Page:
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Ground Loops : Please Explain It To Me


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I recently read a post here that had groung loops discussed in it, and since I didn't want to hijack it i'm starting this one.

I have several problems with understanding this phenomenon. here are the issues I'm having trouble with:

1. I don't think I ever heard a guitar with ground loop problems. how do I diagnose a gound loop (by listening to the guitar)?

2. with all the strats and les pauls in the world that are both grounded via the pickguard shielding and star grounded working fine, how can guitar "ground loop" be a problem?

3. I understand how grond loops can happen in electricity networks when there is actually a ground, but to my understanding the guitar "ground" is actually the negative current that is ultimately connected to the other end of the speaker coil. how can ground loops occure in an ungrounded circuit?


I know very little about electronics. I know the guitar wiring stuff and not much beyond it. I am in no way responsible for people suffering signal loss or being electricuted to death as a resault of me doubting the 11th commandment: "thou shalt not ground loop your guitar". :D

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Hmmm...there probably is a bit of voodoo and misunderstanding...most ground loops are small enough not to have too many bad effects.

Generally though...a single coil pickup is susceptible to noise as it "loops" of wire in the coil will form an anntena to passing radio frequency waves and electromagnetic "noise" about the place.

Now, suppose you have a guitar as quiet as it is going to be...say hb pickups that cancel out the noise inherit in the SC pickup construction...poor wiring can result in creating little "loops" that act as antenna to pick up signals and so create noise. So, that should be avoided in general by grounding everything with the minimum wire to a central point (as in star grounding)...but often such things are of such a small length that it makes little difference I suspect and are blamed for other bad wiring problems.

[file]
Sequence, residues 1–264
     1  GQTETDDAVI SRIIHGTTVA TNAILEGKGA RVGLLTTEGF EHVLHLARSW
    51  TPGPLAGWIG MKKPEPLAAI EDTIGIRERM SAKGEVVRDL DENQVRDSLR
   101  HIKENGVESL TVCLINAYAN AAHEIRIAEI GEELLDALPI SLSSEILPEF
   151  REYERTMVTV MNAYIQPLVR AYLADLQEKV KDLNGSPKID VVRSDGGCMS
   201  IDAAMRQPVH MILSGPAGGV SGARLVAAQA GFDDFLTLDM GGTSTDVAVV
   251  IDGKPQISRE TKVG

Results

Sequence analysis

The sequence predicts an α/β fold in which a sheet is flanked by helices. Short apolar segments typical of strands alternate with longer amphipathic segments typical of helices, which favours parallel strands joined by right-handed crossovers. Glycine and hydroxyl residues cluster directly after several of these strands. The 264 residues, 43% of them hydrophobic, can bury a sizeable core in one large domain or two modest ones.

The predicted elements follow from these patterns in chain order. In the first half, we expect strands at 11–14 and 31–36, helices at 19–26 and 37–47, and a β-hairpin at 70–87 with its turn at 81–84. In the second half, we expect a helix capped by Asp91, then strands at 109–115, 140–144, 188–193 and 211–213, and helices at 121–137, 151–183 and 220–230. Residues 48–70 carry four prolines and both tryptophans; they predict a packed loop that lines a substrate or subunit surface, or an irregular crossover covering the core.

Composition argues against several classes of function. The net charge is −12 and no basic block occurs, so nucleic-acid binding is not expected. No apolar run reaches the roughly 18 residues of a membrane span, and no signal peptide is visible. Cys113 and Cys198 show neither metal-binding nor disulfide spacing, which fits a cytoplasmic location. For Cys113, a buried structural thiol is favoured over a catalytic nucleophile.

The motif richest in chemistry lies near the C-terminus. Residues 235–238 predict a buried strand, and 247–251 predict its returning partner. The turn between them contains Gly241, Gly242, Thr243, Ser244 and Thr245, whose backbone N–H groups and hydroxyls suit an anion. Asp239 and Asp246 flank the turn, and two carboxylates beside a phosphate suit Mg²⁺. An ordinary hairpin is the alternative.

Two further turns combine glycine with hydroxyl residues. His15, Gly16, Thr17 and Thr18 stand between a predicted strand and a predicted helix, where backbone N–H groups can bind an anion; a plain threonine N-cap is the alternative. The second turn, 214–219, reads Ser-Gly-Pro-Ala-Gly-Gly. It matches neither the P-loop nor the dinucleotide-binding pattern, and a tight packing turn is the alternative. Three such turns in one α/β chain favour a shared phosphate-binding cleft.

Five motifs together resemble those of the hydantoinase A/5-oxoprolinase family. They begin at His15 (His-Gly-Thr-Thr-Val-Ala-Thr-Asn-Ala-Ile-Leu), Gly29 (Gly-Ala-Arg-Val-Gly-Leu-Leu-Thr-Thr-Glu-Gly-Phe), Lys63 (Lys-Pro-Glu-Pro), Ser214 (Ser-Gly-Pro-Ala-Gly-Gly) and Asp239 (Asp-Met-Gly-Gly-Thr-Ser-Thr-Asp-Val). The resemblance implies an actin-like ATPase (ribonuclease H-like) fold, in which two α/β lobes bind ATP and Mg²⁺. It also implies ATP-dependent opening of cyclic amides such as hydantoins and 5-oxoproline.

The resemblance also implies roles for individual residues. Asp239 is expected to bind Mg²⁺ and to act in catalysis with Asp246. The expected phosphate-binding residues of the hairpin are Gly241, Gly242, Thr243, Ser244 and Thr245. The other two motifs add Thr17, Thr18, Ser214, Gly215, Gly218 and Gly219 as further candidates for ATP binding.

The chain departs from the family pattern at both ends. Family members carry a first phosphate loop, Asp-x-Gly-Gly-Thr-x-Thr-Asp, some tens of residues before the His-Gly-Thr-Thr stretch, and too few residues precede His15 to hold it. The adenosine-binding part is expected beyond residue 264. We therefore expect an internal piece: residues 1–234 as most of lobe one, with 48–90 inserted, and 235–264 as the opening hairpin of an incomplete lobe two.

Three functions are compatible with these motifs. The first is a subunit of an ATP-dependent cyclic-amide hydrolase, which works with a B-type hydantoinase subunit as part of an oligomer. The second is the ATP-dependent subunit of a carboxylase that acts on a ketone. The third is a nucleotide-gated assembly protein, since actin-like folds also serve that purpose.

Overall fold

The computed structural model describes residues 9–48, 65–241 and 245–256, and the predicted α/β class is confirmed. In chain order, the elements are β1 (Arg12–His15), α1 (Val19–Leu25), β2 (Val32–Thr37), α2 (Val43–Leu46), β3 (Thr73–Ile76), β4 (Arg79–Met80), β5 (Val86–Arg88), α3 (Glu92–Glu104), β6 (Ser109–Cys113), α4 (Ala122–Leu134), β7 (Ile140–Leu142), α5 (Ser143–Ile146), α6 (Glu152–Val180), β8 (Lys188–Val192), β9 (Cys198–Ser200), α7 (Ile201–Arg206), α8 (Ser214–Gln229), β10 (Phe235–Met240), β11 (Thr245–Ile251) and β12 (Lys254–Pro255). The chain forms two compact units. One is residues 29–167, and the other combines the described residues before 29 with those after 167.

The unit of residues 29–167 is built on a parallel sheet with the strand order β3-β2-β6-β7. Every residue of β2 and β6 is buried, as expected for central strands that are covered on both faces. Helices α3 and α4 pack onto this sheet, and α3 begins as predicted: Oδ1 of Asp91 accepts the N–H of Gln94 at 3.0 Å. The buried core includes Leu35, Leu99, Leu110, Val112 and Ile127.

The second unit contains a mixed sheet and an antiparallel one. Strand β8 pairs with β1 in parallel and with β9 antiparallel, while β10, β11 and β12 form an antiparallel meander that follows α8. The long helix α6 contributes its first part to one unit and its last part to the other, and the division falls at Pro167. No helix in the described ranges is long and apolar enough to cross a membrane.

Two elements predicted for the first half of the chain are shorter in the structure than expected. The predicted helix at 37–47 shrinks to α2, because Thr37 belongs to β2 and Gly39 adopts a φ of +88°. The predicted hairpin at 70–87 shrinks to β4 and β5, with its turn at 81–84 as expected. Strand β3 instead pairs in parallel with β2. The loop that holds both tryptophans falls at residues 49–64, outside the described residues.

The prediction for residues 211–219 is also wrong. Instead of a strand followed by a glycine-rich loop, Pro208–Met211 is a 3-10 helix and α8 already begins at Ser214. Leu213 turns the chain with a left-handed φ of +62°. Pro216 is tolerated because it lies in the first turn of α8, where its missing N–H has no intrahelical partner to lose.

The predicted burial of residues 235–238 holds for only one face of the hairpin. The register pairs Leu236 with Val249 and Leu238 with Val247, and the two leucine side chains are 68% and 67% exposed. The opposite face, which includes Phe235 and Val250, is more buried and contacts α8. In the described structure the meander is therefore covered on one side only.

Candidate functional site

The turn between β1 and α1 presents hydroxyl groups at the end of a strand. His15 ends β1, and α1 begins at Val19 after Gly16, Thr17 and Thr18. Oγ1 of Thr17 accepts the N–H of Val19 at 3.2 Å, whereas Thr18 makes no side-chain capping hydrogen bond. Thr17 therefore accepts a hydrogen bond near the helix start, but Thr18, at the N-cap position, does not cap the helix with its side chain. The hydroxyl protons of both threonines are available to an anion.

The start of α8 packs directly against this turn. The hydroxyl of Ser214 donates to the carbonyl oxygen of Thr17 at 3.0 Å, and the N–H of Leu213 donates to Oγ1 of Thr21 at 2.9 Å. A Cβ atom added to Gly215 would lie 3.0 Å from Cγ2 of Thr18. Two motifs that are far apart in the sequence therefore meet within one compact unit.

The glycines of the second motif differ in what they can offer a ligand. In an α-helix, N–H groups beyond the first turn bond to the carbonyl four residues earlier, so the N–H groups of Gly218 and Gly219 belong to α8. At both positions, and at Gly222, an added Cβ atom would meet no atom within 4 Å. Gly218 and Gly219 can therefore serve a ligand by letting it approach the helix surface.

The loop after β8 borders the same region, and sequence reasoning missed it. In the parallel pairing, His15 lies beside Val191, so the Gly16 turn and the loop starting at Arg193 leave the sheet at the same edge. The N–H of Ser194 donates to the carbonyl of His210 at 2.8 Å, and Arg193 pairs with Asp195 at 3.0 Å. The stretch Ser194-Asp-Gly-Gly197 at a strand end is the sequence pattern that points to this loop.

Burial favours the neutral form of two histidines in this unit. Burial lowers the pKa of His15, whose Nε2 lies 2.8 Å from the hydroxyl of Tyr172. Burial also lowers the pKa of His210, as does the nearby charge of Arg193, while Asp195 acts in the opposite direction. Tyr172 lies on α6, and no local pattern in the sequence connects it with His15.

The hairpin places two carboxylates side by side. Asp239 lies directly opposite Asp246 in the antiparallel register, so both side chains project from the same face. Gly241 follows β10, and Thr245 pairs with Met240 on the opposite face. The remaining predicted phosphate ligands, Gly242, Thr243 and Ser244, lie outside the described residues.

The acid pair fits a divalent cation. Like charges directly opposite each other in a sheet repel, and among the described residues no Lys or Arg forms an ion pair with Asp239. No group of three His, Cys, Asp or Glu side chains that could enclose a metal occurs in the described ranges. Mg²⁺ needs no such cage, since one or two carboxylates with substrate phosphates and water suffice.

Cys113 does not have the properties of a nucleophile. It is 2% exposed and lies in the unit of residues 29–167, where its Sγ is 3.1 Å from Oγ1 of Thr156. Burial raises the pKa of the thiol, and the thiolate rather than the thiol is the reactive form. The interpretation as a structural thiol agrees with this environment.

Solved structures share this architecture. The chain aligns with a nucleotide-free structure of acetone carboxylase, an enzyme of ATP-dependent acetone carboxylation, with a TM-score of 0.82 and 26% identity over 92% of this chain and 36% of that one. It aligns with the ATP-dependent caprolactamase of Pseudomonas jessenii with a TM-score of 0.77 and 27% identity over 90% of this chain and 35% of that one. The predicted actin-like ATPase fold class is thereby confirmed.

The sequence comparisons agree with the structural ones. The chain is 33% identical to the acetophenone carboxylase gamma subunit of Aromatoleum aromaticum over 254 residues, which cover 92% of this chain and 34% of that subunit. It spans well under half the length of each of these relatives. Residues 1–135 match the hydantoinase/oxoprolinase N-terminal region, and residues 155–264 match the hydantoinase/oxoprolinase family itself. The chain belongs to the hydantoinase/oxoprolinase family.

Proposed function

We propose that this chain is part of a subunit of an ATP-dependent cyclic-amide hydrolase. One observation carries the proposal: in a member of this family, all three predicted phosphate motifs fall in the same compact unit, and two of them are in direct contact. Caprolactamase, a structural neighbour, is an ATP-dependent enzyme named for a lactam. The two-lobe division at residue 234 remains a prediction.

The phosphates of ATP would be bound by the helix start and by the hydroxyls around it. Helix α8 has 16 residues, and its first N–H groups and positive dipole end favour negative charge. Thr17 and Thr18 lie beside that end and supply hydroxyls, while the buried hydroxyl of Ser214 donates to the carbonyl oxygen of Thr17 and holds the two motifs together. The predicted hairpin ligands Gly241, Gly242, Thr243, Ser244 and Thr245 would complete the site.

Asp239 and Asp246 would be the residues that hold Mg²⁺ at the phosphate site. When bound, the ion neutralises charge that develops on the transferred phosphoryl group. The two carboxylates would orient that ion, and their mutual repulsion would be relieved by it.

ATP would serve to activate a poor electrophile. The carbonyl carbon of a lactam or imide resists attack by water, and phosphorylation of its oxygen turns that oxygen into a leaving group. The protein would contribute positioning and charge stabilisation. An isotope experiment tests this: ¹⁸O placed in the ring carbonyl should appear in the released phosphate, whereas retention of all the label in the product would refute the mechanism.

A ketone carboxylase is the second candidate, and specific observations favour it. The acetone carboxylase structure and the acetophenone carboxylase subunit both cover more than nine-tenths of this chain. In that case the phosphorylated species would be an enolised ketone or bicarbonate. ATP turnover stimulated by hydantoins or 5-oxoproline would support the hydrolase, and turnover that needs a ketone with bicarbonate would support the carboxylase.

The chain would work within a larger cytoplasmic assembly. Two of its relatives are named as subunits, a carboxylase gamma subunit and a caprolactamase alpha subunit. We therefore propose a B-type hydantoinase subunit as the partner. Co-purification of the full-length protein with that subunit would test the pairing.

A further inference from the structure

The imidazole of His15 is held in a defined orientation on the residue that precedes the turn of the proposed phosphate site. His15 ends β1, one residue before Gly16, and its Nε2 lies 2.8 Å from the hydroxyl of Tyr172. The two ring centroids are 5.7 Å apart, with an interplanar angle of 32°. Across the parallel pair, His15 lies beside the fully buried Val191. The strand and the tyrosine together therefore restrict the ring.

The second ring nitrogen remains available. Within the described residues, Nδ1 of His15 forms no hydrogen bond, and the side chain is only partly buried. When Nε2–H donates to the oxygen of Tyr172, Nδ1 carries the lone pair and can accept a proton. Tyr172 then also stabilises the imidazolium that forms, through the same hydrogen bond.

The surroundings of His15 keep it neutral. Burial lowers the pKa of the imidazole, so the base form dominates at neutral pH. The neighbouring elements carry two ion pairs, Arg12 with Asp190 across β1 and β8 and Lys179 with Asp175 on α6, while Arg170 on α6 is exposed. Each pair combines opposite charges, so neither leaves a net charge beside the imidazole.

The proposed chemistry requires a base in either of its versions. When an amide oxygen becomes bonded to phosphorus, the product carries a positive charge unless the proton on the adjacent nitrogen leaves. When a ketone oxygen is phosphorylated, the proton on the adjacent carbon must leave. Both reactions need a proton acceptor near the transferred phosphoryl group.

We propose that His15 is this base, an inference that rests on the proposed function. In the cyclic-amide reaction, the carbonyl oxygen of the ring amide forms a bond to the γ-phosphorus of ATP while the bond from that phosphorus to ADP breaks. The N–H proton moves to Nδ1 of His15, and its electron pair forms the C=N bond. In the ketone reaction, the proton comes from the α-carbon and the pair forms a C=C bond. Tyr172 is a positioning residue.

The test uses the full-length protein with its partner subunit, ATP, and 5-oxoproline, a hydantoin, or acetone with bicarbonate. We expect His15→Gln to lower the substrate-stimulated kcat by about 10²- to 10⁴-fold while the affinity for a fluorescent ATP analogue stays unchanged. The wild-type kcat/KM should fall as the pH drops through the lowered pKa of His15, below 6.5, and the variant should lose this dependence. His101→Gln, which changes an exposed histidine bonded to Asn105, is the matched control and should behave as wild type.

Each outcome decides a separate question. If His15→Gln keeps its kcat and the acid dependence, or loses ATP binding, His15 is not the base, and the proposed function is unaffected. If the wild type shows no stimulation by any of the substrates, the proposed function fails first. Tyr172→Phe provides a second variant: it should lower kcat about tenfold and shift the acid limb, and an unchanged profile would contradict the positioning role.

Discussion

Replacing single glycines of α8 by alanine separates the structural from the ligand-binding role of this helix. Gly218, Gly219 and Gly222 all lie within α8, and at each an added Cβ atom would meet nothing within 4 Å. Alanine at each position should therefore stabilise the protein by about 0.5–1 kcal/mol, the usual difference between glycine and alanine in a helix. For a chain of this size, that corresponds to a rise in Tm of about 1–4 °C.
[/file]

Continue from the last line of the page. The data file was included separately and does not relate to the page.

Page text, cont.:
There are some traps though...I often use shielded cable, but it is only necessary for it to be grounded at one end which avoids a loop and the longer grounding from a pickup to a selector can be of enough length to have qute a bit of effect to allow noise back into the system. Plus, ground looped systems are almost always simply badly planned and executed and that is where a lot of the problems arise as much as any ground loops themselves.

Sorry...perhaps not the best or fullest explanation...


Hmmm...well perhaps checking up on myself...Wiki...my explanation is a bit poor. Components like pickups and pots can vary the resistance and so the ground potentials between grounding wires...therefore unless everything is going to a fixed point there can be differing potentials (some grounds hotter than others) within a control cavity.

As such, noise can be introduced as currents can flow as some grounding points may be "less" ground than others.

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my wiring was shockingly bad when i started doing this so i got ground loop issues all the time.

if you want to see the effect then the easiest way is to do it on purpose - have a look at some info on star grounding and then do the exact opposite!!

also, the amp used to make a difference on mine. Some would amplify the ground loop really clearly, some would not... i could never decide if the electrical socket i was plugging into made a difference too

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You can easily get ground loops in power supply grounds where several devices are sharing a common ground, or if you connect the inputs of two different amplifiers together thru a common ground.

While I have star grounded at least one tube amplifier and it made a very noticeable difference, in an electric guitar, I do not consider that to be ground loop territory. Personally, I do not see it happening in a guitar. The weak link in a guitar is the pickups and no amount of sheilding and star grounding is going to fix cheap pickups that are just flat out noisy and like to pick up any noise around them (ask me how I know). Shielding does help to a point, but it will only do so much. The shielding does help to shunt EMI & RFI to ground, though, that's the purpose of it. But then you have metal strings that act like a big antenna, and that's part of the reason why the bridge is also grounded.

Here's a page that might be a good read for you. While based on tube amp design, the same principles apply to any audio circuit. http://www.geofex.com/Article_Folders/lead...n_tube_amps.htm

This is a good page on shielding a guitar: http://www.guitarnuts.com/wiring/shielding/shield3.php

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